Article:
BRUSSELS (Reuters) - Scottish leader Nicola Sturgeon cited concern about Northern Ireland gaining a competitive advantage over Scotland in any Brexit deal, to press her case in Brussels on Monday for staying in the EU single market.
The first minister met EU Brexit negotiator Michel Barnier but said she recognised that, despite “massive sympathy” in Brussels for the majority of Scots who voted to stay in the European Union, he would treat only with the British government.
Forecasting that Prime Minister Theresa May may change tack after months of in-fighting within her cabinet and party and seek to keep Britain in the EU’s customs union or even the full single market, Sturgeon repeated her preference for Scotland to remain in both even if the rest of Britain did not.
Among Scotland’s arguments, she cited a risk that Scottish businesses would suffer a competitive disadvantage to neighbours in Northern Ireland if, as the EU is offering, the latter stays broadly within the EU’s economic regulatory system to avoid a disruptive “hard border” with EU member Ireland.
“An outcome that gives Northern Ireland a preferential relationship with the single market raises real issues for Scotland because clearly there would be a competitive disadvantage there,” Sturgeon said, at an event hosted by website Politico.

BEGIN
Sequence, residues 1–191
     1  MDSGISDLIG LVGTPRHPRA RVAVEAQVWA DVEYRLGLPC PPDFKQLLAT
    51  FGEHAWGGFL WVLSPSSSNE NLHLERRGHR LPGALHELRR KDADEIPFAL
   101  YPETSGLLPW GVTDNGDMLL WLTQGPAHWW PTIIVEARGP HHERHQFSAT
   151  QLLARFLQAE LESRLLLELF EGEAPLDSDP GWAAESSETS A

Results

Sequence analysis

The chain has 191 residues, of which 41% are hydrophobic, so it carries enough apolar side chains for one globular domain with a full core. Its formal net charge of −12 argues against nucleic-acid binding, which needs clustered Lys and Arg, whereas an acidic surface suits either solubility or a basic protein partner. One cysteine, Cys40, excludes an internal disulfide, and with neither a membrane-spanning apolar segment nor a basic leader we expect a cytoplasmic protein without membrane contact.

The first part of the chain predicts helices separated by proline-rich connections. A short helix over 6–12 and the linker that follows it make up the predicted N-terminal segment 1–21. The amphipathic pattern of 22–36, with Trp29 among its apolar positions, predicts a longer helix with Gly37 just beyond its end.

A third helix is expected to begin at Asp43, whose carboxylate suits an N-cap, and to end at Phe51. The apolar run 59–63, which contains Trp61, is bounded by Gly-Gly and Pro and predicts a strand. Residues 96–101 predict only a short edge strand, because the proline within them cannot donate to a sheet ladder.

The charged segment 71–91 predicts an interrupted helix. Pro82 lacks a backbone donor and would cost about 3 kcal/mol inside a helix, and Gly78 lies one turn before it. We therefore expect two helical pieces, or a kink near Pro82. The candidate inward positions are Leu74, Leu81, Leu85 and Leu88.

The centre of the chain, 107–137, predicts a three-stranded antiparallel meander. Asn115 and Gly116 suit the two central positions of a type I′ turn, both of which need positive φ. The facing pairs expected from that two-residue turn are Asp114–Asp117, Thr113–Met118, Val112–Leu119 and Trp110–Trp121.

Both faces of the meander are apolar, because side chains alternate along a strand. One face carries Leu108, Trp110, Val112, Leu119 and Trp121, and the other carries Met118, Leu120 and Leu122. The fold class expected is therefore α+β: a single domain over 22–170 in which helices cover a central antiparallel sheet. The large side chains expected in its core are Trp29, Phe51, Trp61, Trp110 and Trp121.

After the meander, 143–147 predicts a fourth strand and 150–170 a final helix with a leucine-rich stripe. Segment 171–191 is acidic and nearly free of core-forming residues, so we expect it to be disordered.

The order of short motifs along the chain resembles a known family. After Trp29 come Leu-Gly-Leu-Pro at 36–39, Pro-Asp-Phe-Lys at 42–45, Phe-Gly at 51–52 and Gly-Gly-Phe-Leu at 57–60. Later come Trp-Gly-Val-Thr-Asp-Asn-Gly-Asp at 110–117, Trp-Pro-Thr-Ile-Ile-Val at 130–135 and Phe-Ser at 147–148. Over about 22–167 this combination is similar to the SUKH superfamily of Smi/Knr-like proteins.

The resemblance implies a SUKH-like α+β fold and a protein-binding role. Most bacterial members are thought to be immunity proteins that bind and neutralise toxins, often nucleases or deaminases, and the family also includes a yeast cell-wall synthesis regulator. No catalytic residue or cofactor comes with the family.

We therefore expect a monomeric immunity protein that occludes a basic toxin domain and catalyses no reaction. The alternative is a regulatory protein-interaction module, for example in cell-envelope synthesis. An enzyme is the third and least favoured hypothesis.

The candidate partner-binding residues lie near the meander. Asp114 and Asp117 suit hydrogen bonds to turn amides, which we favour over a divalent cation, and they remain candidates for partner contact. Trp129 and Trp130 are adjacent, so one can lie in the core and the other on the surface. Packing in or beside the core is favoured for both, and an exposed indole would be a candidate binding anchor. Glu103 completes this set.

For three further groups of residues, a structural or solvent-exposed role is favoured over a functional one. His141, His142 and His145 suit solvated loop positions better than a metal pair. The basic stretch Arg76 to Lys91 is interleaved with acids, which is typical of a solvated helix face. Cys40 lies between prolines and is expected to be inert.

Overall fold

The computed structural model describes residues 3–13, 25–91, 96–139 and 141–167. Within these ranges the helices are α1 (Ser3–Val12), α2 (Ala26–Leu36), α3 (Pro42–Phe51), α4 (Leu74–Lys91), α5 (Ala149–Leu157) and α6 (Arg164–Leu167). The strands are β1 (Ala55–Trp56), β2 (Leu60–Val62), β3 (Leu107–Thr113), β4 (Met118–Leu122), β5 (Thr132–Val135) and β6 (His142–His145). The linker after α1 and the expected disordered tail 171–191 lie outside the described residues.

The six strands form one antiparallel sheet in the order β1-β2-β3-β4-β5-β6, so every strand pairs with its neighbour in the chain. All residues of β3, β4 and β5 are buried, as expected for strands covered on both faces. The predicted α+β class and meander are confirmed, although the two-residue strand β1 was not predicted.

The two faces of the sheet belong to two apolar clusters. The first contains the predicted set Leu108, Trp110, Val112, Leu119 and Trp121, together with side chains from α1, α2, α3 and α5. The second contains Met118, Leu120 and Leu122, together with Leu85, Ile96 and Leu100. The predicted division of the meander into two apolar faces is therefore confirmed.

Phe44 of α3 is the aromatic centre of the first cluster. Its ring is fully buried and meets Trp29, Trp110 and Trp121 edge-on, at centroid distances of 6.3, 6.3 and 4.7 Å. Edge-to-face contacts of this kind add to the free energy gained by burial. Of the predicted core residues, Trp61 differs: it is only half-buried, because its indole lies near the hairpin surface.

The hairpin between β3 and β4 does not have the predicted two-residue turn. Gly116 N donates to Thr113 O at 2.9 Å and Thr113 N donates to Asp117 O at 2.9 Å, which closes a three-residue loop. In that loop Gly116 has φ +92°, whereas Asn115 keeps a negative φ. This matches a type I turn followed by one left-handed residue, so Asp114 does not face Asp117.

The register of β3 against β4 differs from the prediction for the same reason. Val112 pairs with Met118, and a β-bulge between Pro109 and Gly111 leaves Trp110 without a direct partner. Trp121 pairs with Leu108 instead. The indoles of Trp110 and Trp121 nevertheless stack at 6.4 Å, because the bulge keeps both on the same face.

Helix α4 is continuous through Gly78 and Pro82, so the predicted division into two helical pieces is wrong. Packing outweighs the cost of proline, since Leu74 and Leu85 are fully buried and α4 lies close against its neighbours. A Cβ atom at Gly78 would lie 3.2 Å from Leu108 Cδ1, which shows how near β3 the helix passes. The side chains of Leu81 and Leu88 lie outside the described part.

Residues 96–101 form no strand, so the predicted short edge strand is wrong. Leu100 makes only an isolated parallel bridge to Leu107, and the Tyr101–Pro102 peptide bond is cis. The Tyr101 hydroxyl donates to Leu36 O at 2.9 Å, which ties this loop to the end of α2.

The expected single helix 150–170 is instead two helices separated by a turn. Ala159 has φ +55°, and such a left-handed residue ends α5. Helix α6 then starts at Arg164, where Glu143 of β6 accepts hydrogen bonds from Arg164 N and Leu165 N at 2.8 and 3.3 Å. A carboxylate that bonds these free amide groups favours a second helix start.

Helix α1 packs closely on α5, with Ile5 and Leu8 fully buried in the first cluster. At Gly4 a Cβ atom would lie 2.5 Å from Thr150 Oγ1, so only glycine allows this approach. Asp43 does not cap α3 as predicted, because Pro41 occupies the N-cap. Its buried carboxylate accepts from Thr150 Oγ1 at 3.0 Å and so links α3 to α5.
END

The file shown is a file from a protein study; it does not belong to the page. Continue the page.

May has ruled out a planned “backstop” solution contained in draft deal in December by which the EU may keep Northern Ireland in its economic system -- something that May, and the Northern Irish allies on which she relies for her slim parliamentary majority, say would isolate the province from the mainland.
May also insists she will not yield to pressure to seek full customs union membership for the whole UK ahead of parliamentary votes on the issue that are dividing her Conservative party.
Sturgeon said she remained hopeful that May would change her position and accept a customs union and possibly single market membership.
She said she expected that to be clear by the autumn, when she would then offer a view on whether Scotland should seek a second referendum to break with London and join the EU. Scotland voted against independence from the UK in 2014. Two years later, in a referendum on EU membership, an overwhelming majority of Scots voted to remain but Britain as a whole voted to leave.
Additional reporting by Megan Dollar and Robert-Jan Bartunek; Editing by Peter Graff
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